MacVicar Day Symposium Will Honor Margaret MacVicar and Robert Silbey

Mary Enterline, Associate Dean, Office of Faculty Support

Six MIT faculty members and an alumnus will present examples of “Innovations in Undergraduate Education at MIT: Past, Present and Future” at the MacVicar Day Symposium, on Friday, March 16. The program is open to the entire MIT Community, here are the details:

Friday, March 16, 2012
3:00-5:00 PM
Refreshments at 2:30 PM
Bartos Theater, E15-070

This year’s symposium is subtitled, “In the Tradition of Margaret MacVicar and Robert Silbey” and honors their many contributions to the development of undergraduate education at MIT. “Margaret MacVicar was the first Dean for Undergraduate Education," said Daniel Hastings, Dean for Undergraduate Education. "She founded the Undergraduate Research Opportunities Program (UROP) in 1969, and it is still one of the signature programs for undergraduate life here at MIT.”

Margaret MacVicarRobert Silbey

“The symposium also recognizes the major contributions of Professor Robert Silbey, who passed away this past October. Professor Silbey served as the co-chair of the Task Force on Student Life and Learning; then while Dean of Science, he chaired the Task Force on the Undergraduate Educational Commons. He truly put his stamp on what our undergraduates experience here at MIT,” Hastings continued.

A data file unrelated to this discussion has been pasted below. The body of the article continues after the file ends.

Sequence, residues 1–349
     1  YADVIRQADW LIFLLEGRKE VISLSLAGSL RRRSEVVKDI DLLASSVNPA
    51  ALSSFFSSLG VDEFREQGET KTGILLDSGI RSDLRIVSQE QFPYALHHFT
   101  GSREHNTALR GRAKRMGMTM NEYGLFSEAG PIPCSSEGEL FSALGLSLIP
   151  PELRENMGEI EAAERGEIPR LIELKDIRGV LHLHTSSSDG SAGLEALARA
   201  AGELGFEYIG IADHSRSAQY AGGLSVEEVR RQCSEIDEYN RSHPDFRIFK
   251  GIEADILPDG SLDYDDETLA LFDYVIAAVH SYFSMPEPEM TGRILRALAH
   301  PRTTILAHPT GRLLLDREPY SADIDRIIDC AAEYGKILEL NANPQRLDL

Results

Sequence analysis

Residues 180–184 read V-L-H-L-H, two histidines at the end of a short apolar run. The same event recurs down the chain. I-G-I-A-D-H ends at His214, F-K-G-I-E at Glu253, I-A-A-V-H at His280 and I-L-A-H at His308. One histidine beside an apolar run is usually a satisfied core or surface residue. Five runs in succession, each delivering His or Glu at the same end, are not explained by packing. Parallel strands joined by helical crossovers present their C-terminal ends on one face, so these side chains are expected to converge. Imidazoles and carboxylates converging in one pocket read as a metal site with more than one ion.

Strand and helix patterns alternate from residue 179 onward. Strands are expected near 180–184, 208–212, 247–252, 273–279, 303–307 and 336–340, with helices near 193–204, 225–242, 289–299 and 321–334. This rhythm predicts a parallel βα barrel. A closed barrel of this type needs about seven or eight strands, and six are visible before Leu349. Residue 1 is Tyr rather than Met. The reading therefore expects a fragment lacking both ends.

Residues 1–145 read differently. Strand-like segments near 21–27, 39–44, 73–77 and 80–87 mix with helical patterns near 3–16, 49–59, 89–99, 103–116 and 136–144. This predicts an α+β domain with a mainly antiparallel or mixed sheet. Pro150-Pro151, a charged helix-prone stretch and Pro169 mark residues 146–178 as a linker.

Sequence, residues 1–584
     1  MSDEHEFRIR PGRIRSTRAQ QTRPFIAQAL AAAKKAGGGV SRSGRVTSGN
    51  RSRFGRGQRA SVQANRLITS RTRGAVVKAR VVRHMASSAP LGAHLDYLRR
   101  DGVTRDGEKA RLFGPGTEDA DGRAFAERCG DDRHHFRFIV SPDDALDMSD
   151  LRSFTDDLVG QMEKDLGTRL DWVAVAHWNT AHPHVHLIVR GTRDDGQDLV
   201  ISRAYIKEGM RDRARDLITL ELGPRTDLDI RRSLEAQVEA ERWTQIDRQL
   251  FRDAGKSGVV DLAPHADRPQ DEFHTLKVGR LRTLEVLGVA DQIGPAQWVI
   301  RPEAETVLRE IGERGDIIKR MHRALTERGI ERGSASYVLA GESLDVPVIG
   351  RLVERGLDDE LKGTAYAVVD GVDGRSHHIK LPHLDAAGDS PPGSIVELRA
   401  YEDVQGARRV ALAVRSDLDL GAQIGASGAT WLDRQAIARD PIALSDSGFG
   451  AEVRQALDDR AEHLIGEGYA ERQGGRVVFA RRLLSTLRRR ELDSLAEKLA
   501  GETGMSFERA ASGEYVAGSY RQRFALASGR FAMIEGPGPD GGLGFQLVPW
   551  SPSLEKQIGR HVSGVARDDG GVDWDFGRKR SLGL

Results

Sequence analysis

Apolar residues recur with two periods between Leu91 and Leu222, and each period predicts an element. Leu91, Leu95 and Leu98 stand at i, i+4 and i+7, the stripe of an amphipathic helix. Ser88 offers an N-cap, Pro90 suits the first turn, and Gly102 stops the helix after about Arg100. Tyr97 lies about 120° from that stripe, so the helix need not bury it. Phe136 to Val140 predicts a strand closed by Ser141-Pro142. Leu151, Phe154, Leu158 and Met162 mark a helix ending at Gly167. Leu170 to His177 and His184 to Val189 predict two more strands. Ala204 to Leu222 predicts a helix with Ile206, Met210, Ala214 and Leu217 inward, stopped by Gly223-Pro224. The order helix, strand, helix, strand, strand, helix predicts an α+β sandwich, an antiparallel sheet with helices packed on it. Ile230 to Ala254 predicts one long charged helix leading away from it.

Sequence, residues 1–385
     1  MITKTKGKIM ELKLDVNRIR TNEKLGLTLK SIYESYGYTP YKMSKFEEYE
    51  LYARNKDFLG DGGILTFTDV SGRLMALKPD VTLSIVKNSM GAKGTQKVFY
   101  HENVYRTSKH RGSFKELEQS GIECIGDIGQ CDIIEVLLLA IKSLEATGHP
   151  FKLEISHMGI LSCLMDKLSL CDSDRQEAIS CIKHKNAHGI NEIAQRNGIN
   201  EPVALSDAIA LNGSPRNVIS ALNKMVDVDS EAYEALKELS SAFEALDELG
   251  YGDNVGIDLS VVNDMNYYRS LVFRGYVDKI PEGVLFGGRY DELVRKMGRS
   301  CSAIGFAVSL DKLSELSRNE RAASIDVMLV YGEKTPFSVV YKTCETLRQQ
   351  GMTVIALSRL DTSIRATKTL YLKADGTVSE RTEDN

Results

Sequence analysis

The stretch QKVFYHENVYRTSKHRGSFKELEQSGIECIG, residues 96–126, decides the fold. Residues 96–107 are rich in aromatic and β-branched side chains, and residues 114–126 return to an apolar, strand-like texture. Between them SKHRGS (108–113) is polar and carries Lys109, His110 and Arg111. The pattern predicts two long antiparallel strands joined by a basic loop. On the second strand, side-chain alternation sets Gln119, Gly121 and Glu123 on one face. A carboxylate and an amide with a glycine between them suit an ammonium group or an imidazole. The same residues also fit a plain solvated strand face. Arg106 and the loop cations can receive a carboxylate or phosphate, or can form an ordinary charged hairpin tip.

The MacVicar Day program will be introduced by Hastings, who will announce the 2012 MacVicar Faculty Fellows, selected for their outstanding teaching and sustained contributions to undergraduate education.

Diana Henderson, Dean for Curriculum and Faculty Support, will moderate the symposium, which will begin with presentations from Linda G. Griffith, School of Engineering Teaching Innovation Professor of Biological and Mechanical Engineering, and Moungi G. Bawendi, Lester Wolfe Professor of Chemistry, focusing on team-teaching thermodynamics.

Griffith, who co-taught thermodynamics with Silbey and valued him as a mentor, said, “It is a tremendous honor to be invited to celebrate Bob Silbey. I am so glad this is a celebration of his singular, outstanding influence on MIT education.”

John M. Essigmann, the William and Betsy Leitch Professor of Toxicology and Chemistry and housemaster at Simmons Hall, will follow with observations on improvements to student life and learning since Silbey chaired the first task force. William Broadhead, Class of ’54 Career Development Associate Professor of History, and Arthur W. Bahr, Associate Professor of Literature, will describe their collaboration in teaching “Empire: Introduction to Ancient and Medieval Studies.” The second task force recommended offering such interdisciplinary subjects that grapple with “big ideas” as a means of strengthening the Humanities, Arts, and Social Sciences (HASS) requirement, and “Empire” is one of the HASS Exploratory (HEX) subjects currently being piloted and assessed.